For starters, I'm not exactly squeamish. I've had my fair share of bloody lips, stitches, scraped knees, massive strawberries from sliding in softball, in addition to a collection of bruises, sprained ankles, bruised tailbones and even a broken arm.
I should also note that I am usually a pro in tough or emergency situations. My senior year of college I came back to my dorm from a late shift at work to find a freshman guy who lived on the same floor as me standing in broken glass with a super bloody hand, cut so far deep you could actually see some muscle or tendon. While he and my friend were freaking out I grabbed him a towel, got him to my car and drove him to the emergency room. I sat there and held his other hand (slightly less bloody) at 3 a.m. while they stitched him back up, all while the doctor showed me the different things that make up your hand muscles.
And I am seriously excellent when dealing with vomit. While I don't prefer to hang around it, I can handle it and be the galpal holding your hair back while you toss your cookies.
You'd think all of these things would qualify me for a mother-of-the-year award when it came to scary situations involving my kids. Unfortunately, something completely different happens.
When something less than sugar and spice and everything nice impacts my kiddos, I turn into freakazoid, leaky-eye mom. Take for example Pearyn's salmonella outbreak of 2012. When she started Exorcist-style throwing up we had her over to an ER faster than you can say Linda Blair. And for the weeks following that incident, I don't think I slept more than 45 minutes at a time because I had to make sure she wasn't throwing up and she wasn't choking on said imaginary throw up.
So it's safe to say I'm great in a snafu, as long as I didn't birth you from my body.
Case and point last week. In a stroke of timing, coincidence and luck, my college roomie was in my very own town meeting with a client. Naturally, we decided to meet up for a bite to eat and I brought my kids in tow. The meal was going smoothly, we were ordering a cupcake and signing the bill when Braeburn stood up and took a tumble from his high chair. On the way down he hit the back of his head on a table. (Before you ask he WAS strapped in his seat, however, he did apparently find a way to wiggle himself out of it). He started crying instantly and got up to try and walk to me. I picked him up and consoled him for the next five minutes, until he was finally calmed down as I placed him in his car seat. He was a bit fuzzy and tired, but it was his nap time. Besides, he was smiling, so he had to be OK, right?
So I called his doctor and asked if I should bring him in to be safe. They told me I could monitor him for the next day and if he started to go limp, act listless or throw up to run him straight to the ER. I felt a little more at ease and started the commute back home.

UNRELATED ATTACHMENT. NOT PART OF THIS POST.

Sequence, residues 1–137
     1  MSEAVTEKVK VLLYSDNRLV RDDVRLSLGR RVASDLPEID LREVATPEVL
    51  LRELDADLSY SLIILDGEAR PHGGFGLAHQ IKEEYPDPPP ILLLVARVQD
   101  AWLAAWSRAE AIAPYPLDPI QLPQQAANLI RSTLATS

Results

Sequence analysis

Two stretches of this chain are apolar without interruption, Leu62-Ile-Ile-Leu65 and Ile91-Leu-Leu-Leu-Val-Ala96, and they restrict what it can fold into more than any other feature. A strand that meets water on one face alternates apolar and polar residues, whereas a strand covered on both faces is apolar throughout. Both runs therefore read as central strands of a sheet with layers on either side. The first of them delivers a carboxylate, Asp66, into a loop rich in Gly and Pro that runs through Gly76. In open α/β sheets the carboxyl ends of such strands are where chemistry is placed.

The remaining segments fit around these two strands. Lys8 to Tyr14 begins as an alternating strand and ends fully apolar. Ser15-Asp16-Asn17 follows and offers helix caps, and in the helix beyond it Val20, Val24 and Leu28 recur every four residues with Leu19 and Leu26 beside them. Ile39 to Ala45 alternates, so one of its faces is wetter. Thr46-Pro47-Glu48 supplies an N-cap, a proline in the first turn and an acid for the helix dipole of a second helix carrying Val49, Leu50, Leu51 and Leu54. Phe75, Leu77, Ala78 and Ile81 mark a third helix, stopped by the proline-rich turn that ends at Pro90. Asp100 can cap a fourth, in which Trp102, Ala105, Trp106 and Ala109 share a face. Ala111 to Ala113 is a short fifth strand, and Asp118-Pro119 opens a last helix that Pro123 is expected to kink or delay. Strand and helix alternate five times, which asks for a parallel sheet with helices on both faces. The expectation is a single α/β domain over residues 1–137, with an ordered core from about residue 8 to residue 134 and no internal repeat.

Two minutes into said car ride and my poor baby boy started vomiting everywhere. And not like, "Oh I've been crying a bunch and am gagging myself" vomiting, but all-out, emptying the contents of his stomach, vomiting.
Thankfully I was less than a half a mile from an emergency room, but it didn't make the drive much easier. I debated the entire three-minute drive over whether I should pull over and help him vomit, if he could choke on it or if I did pull over and help him vomit would his brain like implode or bleed or blow up?
Somehow I made it with my daughter and dazed son in tow, covered in the vegan pancakes my little man had just thrown up, trying to check him into the ER. They kept asking me all these pesky things and I remember thinking "I'm the worst mom in the world" because I can't recall his social security number all while trying to keep my daughter calm, get my son checked in and not completely fall apart myself.
The check-in nurses were a Godsend. They were both mommas themselves and understood exactly where I was coming from. They reassured me time and time again that it wasn't my fault, things happened and I was still a good mom to my baby boy.
Three hours, an exam and a set of x-rays later and Braeburn was awarded his first mild concussion ever.
He's doing fine now, he was actually on the mend as we were checking out of the hospital, but it doesn't ease my worried mommy mind or make me feel any better. All I keep telling my husband is that I'll probably lose it he ever wants to play football.
What amazed me most, however, is how freely life went on while all of this was happening. There were people going through emergencies all around me and I couldn't begin to tell you what it was or why they were there.
I'd like to say it was at least a valuable lesson learned by Brae, but judging by the number of times he tried to climb his lawn chair this weekend I'm starting to think he didn't.
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